The program has just completed an 8 week beta-test on 120 individuals. (9) The results:
· 17% of participants lost 10-29 pounds
· 31% of participants lost 5-9 pounds
· 34% of participants lost 2-4 pounds
· 14 % of participants lost 0-1 pound
· 4% of participants gained weight
Accenting personal empowerment and “giving back”, the subscription program, titled “BUCKAPOUND”, includes a virtuous reinforcement cycle. Participants pledge 1 dollar for every pound they lose which is then donated to non-profit health organizations to advance public health. (6)
When the program goes public, it’s “smart software” will provide a modern day health-matching system. What do I mean? Each week, participants are asked to select a maximum of 4 strategies to focus on from a list of 30 plus evidence based, behavioral modification strategies to assist in reaching their self-proclaimed target weight. The sites “smart software” and real-time data base is then able to share with the individuals strategies that have worked best for people like them, as defined by the intake questionnaire they originally completed.(9)
Individuals also have acess to forums and social networks to share successful strategies. One last point of empowerment: participants are asked to identify up to 6 individuals on the front end to serve as a “personal support network” for the journey to better health. Health professional involvement in the support network is encouraged. With their acceptance of this role, and the participant’s permission, their daily updates on the site are shared with supporters who can contribute onsite words of encouragement.(9)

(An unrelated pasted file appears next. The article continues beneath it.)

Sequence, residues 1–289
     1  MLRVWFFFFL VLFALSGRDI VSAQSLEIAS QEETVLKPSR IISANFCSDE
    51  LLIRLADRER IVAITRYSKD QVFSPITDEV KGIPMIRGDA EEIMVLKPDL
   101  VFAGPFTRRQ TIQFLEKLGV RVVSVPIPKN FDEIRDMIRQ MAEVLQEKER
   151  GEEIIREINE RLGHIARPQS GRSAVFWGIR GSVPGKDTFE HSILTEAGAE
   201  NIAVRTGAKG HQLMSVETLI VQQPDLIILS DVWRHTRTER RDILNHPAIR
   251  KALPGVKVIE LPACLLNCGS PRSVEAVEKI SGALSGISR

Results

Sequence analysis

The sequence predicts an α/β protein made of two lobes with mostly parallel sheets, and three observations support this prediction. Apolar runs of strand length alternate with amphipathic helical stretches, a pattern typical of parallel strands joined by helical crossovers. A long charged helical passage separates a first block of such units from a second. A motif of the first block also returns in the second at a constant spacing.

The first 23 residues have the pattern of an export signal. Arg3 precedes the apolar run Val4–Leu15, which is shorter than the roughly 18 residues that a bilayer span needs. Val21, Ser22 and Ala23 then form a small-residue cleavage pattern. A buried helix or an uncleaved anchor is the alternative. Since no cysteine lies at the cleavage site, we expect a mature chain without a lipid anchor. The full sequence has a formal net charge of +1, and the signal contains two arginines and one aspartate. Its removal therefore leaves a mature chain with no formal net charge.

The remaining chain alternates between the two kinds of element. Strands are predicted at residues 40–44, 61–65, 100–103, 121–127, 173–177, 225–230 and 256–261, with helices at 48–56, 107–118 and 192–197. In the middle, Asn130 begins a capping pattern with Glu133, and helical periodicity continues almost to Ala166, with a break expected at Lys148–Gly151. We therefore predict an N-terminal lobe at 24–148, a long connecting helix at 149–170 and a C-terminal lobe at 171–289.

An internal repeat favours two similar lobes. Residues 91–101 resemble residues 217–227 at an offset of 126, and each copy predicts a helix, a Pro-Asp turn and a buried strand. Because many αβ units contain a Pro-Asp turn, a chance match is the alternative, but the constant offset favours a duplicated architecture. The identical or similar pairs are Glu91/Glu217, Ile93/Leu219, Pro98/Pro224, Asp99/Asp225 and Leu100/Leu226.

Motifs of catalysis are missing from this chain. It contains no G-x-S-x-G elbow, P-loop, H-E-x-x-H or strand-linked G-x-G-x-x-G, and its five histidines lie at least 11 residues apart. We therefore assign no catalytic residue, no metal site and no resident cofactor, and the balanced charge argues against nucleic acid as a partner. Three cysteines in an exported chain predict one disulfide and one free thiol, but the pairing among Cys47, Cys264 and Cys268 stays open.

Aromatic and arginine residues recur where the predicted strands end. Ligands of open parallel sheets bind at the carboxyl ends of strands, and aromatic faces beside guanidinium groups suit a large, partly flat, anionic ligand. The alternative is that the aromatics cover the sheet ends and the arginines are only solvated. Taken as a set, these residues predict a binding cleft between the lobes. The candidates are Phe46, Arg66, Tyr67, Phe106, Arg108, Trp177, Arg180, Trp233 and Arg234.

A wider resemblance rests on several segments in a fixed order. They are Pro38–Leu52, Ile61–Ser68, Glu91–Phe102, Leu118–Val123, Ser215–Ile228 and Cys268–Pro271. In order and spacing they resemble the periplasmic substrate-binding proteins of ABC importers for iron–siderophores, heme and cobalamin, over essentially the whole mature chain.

Participation appears to be one key to success. In the study group, the likelihood of losing weight during the test was strongly related to involvement with the program, as evidenced by these results:
Average number of website “check-ins” per week:
5 times/week or more: average weight loss = 8.4 lbs.
2 times/week or less: average weight loss = 2.5 lbs.
Comments posted on a blog at the website:
Posted at least one comment to a blog: average weight loss = 7.2 lbs.
Never posted a comment: average weight loss = 3.9 lbs.
Participation in a forum:
Posted at least one Forum comment: average weight loss = 8.6 lbs.
Never posted a comment: average weight loss = 4.2 lbs
Obesity is clearly the modern day marker for chronic disease. Most of the behavioral choices offered in BUCKAPOUND to address obesity are equally effective approaches to chronic disease management. The key is to empower individuals where they live, include their health professionals, encourage them along the way, and advantage technology to assure affordability and sustainability.
For Health Commentary, I’m Mike Magee.
1. Magee M. Health Politics: Power, Populism and Health. 2006. Spencer Books, NY, NY. www.spencerbooks.com.
2.Daviglus ML, Liu K, Yan LL, Pirzada A, et al. Relation of body mass index in young adulthood and middle age to Medicare expenditures in older age. JAMA. 2004;292:2743-2749. http://jama.ama-assn.org/content/292/22/2743.full
3.Eckel RH, Krauss RM. American Heart Association call to action: obesity as a major risk factor for coronary heart disease. Circulation. 1998;97:2099-2100. http://circ.ahajournals.org/cgi/content/full/97/21/2099
4.Shaper AG, Wannamethee SG, Walker M. Body weight implications for the prevention of coronary heart disease, stroke, and diabetes mellitus in a cohort study of middle-aged men. BMJ. 1997;314:1311-1317. bmj.com. http://bit.ly/eHNMhU
5.Obesity Among Older Americans. Center on an Aging Society, Georgetown University. Available at: http://hpi.georgetown.edu/agingsociety/pdfs/obesity2.pdf.
7. George Bray MD, Pennington Biomedical Research Center. http://www.pbrc.edu/the-center/faculty/?EmployeeID=23
8. Art Ulene MD. http://www.speakersonhealthcare.com/speakers/Art_Ulene_MD.php
9. Personal Communication. January 3, 2011.